46. Memorandum From Secretary of State Dulles to the Director of Intelligence and Research (Cumming)0

The President authorized proceeding to work out a project along the lines of your June 18 memorandum to me.1 He did so with reluctance and concern, and with the understanding that it would be worked out in a way which would give maximum plausibility to an innocent explanation.

There appeared to be several divergences between the presentation made by Mr. Quarles and the presentation contained in your memorandum [Page 169] of June 18. You spoke of “two or three”; he spoke of “four or five”. You spoke of launching from Seattle; he spoke of launching from Alaska. You spoke of covering “only marginal areas of the Soviet Union”; he spoke of transiting the main body of the Soviet Union. You spoke of the purpose being to “test the intelligence potential of the project with a minimum risk”; he presented it as an intelligence operation standing on its own merits.

It was agreed that State, Defense, CIA and Killian would work out the details of the specific project, which would then be resubmitted to the President, it being understood that, in case of conflict in the detailed preparation, the views of State would prevail.2

  1. Source: Department of State, INR Files: Lot 58 D 776, Balloons. Top Secret. Initialed by Calhoun and transmitted through the Executive Secretariat.
  2. Cumming’s memorandum to Dulles, June 18, noted that the President had recently rejected Air Force project 461–L, a large-scale high-altitude balloon reconnaissance operation over the Soviet Union, and the Air Force now proposed a similar, but more limited operation involving the release of two or three balloons from Larson Air Force Base in Seattle, Washington, during July. It added that Allen Dulles favored this limited project subject to Secretary Dulles’ approval. A handwritten notation on this memorandum reads: “I would not object, but the President should decide. JFD” (Ibid.)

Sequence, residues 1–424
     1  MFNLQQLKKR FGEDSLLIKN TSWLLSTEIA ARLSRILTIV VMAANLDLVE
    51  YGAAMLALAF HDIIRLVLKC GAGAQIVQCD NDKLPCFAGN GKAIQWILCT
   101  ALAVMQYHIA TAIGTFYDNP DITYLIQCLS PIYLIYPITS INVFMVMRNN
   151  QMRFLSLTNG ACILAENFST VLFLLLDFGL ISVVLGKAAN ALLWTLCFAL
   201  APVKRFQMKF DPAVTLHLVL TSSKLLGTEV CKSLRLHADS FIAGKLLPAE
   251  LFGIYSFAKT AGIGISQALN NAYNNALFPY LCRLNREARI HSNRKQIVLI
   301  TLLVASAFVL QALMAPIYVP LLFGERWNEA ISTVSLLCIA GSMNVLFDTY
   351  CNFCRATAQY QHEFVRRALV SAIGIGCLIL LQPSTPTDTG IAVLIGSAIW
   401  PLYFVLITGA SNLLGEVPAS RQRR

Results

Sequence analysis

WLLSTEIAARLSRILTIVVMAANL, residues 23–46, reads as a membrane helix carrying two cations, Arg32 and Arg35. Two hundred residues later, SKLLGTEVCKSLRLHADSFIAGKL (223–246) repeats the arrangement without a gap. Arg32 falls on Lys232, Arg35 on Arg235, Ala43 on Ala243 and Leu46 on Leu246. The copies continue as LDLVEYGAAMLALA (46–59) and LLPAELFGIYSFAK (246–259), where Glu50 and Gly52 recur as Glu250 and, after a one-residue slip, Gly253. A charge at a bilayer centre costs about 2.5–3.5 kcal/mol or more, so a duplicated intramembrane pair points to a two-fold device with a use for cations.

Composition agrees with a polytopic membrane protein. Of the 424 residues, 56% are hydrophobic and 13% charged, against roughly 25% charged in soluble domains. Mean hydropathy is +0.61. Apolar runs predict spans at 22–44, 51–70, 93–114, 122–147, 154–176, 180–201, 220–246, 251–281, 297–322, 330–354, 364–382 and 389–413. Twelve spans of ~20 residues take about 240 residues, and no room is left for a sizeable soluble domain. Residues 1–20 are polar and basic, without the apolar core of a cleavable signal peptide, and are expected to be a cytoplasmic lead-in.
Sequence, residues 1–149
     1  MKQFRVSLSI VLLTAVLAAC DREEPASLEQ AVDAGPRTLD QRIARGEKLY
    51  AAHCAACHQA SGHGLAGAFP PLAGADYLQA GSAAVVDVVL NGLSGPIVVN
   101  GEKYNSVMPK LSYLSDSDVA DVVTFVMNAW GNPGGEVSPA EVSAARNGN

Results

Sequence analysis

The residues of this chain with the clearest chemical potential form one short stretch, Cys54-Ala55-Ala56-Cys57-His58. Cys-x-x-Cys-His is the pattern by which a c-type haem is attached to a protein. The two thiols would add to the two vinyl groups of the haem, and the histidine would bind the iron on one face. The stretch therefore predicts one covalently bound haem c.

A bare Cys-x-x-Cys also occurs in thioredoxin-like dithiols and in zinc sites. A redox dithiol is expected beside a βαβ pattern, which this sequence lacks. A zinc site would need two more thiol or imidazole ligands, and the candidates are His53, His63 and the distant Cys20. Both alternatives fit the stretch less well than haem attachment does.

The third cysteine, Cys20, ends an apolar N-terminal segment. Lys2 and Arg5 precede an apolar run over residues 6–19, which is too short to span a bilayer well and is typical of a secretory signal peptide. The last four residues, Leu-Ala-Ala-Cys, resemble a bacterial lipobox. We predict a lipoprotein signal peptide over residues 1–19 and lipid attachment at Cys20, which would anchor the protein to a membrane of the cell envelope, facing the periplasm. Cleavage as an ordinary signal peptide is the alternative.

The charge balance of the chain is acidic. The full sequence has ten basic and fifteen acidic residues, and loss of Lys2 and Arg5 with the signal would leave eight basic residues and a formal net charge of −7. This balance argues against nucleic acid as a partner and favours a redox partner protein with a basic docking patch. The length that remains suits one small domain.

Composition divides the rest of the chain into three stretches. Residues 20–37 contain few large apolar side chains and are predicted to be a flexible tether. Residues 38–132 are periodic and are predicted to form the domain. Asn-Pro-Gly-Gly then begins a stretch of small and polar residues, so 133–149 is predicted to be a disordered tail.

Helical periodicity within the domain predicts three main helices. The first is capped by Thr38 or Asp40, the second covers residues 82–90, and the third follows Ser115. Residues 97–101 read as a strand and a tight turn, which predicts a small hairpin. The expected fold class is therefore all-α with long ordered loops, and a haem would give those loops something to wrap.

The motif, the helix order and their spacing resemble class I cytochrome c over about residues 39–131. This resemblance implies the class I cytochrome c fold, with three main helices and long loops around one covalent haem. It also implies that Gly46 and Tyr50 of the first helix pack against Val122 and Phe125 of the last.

3. A memorandum for the record prepared by Goodpaster of a meeting among Secretary Dulles, Quarles, Allen Dulles, Dr. Killian, and the President on June 25, indicated that the President gave a “limited go ahead” to the idea of two or three balloon flights from Seattle “on the understanding that the group that was meeting with the President would itself consider the operational specifics and attendant public statements, cover and diversionary operations, etc.—with political considerations to be given top priority.” (Eisenhower Library, Project Clean Up, Intelligence Matters)